People who suffered a serious illness such as a heart attack, would often find that their income protection plans would only pay for a period of time as after a suitable period of recuperation, their doctor considered them fit enough to go back to work. Quite often a second and possibly fatal heart attack would follow. Often people would want to get back to work as even if they were receiving the benefits of an income protection plan, this would be less than their salary (purposely so as an encouragement to return to work).
So "critical illness cover" was born. This type of cover will pay out a lump sum on diagnosis of one of a range of specified critical illnesses eg stroke, cancer, heart attack, paralysis. (The benefit can sometimes be paid as an income, though this is less common than the lump sum option). It is commonly combined with life assurance to provide a "split policy". For example if you wanted a plan that would pay out £100,000 on death or earlier critical illness cover but you could not afford it, you could opt for a plan that would pay out £50,000 on death or earlier critical illness cover with a further £50,000 payable on death only.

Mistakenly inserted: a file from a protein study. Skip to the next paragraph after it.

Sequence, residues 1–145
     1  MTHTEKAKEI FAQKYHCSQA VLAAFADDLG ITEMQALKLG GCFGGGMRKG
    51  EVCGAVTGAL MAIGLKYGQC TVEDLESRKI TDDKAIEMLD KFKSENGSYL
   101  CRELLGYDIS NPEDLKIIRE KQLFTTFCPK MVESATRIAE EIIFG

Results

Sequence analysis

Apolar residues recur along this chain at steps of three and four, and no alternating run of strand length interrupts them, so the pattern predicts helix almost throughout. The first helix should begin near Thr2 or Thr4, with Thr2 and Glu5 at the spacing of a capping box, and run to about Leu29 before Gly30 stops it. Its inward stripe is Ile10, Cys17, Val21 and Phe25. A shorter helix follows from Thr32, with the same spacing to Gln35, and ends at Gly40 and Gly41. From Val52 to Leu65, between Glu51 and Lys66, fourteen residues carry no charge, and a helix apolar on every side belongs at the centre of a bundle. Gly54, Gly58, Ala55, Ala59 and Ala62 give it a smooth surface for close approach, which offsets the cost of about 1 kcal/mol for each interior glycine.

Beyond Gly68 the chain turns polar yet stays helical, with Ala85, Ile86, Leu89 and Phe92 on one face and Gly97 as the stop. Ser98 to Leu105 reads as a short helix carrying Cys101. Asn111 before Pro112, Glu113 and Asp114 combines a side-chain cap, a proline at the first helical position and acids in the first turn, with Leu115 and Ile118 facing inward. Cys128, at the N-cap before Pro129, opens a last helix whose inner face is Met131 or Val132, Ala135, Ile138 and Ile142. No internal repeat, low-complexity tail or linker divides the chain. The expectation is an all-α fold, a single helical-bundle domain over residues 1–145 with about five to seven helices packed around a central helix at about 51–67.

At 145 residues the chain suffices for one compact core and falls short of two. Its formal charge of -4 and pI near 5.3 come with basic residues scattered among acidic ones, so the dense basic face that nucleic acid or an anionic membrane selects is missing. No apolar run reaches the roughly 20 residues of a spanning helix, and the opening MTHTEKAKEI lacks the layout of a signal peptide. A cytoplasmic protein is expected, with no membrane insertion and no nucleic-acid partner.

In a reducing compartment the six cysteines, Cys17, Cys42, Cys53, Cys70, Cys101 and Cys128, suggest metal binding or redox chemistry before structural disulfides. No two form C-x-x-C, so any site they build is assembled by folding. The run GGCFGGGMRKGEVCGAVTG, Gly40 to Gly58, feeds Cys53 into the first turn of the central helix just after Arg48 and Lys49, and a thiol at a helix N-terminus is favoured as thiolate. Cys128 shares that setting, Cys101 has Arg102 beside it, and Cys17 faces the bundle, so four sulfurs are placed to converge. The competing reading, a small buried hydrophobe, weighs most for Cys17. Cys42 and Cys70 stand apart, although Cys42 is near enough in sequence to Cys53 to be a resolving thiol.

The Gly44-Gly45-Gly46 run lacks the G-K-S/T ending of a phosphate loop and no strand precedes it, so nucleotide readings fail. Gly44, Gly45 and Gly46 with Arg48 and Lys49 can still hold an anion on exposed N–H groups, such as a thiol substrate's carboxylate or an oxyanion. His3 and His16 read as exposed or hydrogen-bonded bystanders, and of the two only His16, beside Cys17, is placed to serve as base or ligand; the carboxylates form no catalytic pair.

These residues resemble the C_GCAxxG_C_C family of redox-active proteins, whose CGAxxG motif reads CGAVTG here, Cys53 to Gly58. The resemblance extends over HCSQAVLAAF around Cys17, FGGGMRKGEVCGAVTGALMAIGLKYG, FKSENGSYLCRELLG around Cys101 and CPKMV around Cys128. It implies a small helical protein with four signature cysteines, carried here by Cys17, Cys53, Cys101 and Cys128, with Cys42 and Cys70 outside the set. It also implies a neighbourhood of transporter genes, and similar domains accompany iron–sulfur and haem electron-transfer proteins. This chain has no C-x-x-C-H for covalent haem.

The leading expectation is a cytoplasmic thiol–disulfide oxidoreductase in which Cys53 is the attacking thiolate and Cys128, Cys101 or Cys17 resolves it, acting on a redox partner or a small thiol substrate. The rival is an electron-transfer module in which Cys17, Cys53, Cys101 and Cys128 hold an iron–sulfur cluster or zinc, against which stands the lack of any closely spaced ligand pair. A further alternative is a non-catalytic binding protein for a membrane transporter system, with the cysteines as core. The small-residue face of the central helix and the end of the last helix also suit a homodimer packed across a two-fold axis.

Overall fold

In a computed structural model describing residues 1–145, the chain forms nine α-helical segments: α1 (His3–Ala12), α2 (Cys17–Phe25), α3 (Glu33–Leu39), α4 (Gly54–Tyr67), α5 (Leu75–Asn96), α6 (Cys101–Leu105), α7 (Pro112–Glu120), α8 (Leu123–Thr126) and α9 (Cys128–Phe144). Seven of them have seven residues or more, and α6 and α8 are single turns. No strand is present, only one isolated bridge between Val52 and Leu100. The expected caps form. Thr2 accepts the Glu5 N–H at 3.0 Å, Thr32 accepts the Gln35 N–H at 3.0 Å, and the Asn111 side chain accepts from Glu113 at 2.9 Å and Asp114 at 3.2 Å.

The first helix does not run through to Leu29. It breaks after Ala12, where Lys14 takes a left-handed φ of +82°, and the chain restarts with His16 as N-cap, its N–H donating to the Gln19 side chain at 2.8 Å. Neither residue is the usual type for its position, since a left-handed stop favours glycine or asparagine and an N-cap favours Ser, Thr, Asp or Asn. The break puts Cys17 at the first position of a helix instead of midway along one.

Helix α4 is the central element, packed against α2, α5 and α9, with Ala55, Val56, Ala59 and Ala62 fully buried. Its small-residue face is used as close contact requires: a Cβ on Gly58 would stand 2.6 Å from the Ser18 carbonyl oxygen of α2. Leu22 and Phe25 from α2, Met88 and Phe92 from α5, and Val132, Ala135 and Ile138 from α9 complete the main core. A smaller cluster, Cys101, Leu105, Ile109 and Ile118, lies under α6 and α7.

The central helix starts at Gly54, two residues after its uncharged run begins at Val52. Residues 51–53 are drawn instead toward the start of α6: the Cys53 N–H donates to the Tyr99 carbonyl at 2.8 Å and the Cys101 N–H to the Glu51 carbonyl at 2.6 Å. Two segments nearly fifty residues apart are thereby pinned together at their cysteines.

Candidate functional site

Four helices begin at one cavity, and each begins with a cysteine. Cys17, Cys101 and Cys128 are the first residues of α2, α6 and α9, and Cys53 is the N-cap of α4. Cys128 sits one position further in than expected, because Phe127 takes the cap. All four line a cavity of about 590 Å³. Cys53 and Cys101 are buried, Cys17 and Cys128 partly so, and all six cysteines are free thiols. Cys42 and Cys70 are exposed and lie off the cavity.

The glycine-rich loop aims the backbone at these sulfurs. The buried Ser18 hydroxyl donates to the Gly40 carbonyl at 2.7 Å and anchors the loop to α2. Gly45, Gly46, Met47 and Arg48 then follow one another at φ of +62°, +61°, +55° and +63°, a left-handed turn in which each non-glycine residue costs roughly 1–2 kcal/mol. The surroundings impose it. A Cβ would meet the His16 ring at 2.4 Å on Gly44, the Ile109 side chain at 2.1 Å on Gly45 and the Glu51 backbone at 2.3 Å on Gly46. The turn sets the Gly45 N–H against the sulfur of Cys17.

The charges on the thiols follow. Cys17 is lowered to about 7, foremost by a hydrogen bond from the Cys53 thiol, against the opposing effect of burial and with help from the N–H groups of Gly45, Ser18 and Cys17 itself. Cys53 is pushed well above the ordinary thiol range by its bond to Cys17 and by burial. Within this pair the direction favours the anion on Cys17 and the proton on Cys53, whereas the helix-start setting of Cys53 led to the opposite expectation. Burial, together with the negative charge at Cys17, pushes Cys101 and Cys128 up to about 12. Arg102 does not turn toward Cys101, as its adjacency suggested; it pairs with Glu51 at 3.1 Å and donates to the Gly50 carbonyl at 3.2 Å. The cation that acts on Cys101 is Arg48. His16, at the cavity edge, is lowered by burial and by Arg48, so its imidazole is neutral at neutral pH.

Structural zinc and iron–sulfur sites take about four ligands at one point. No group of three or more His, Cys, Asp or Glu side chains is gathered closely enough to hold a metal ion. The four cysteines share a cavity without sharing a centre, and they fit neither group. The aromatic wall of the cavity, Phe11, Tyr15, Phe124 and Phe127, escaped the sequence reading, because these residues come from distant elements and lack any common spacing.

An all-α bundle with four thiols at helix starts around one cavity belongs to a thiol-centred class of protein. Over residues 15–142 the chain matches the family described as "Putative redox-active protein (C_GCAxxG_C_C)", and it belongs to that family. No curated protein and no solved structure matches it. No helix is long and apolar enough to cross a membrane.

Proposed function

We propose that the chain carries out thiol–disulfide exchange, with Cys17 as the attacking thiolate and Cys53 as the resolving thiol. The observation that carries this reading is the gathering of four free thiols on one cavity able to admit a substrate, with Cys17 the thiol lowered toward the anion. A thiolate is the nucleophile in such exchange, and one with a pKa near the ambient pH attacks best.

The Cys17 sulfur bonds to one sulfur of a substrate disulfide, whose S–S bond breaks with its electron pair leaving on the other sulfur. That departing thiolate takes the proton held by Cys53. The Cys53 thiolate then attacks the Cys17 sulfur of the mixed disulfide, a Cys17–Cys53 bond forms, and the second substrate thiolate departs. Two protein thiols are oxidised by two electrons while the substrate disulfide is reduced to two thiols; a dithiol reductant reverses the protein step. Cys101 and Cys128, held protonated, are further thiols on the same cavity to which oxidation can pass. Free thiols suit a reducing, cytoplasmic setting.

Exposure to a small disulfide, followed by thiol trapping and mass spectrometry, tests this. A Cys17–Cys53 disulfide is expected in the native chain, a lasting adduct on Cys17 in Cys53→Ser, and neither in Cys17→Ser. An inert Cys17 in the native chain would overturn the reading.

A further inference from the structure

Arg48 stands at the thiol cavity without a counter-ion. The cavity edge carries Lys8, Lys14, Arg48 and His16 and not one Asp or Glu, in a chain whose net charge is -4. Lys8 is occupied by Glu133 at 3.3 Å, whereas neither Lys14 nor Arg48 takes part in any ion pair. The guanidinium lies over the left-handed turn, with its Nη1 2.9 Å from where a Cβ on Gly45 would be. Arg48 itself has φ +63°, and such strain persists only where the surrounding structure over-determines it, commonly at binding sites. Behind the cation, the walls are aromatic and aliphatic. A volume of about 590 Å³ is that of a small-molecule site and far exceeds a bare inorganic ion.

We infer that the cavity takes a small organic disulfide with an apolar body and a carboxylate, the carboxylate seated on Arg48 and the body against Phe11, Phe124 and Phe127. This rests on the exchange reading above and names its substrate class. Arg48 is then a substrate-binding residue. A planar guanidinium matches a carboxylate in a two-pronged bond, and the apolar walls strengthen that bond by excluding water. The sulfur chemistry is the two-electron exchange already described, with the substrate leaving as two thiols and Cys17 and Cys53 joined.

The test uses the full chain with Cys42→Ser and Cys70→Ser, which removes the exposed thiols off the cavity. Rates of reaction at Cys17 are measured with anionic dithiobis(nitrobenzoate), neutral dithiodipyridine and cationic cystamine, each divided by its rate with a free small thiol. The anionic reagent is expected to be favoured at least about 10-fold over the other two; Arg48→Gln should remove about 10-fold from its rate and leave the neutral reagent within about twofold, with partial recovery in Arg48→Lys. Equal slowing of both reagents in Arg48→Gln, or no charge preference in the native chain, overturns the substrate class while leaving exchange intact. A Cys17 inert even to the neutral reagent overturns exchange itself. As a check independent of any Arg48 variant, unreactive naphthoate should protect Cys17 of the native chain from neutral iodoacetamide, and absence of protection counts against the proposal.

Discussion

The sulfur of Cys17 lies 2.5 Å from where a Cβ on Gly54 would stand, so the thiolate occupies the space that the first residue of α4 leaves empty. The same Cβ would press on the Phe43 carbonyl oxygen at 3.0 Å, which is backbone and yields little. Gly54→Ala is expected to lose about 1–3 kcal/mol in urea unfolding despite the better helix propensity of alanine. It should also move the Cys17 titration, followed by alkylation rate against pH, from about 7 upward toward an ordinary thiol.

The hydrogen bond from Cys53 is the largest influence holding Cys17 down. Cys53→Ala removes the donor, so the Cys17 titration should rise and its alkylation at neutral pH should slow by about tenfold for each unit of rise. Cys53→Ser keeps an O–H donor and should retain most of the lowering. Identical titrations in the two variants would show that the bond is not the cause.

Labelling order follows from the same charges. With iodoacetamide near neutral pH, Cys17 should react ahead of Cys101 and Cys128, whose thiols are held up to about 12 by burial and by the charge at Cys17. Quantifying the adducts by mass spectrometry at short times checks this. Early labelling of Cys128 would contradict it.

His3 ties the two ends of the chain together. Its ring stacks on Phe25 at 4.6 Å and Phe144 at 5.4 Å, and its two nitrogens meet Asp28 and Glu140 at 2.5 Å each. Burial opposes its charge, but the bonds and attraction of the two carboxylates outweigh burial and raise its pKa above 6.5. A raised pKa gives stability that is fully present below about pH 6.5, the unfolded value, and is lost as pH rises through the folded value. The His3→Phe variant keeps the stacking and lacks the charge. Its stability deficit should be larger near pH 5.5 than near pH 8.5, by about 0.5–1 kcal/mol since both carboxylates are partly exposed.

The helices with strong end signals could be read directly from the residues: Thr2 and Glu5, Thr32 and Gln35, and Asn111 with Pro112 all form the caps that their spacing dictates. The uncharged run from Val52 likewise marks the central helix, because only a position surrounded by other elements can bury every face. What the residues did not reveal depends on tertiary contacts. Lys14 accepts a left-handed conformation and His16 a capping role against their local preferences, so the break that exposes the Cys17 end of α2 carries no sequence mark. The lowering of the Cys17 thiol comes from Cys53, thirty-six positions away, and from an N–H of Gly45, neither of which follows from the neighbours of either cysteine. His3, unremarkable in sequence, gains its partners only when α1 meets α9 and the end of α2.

One of the laws of unintended consequences was that as suffering a "dread disease" was easier to imagine than being unable to work long term, whilst critical illness cover sales ballooned, income protection plan sales plummeted. Both types of cover work in tandem with each other and relying on one type rather than both is a highly dangerous strategy. For example someone with chronic back pain who is unable to work would not qualify for a critical illness claim, whilst someone who was diagnosed with cancer would not necessarily qualify for an income protection claim, if in the opinion of the doctor they could return to work after their initial treatment.
As critical illness specialists we have access to a wide range of fund providers and can advise you on the differences between the quality of cover offered by the providers.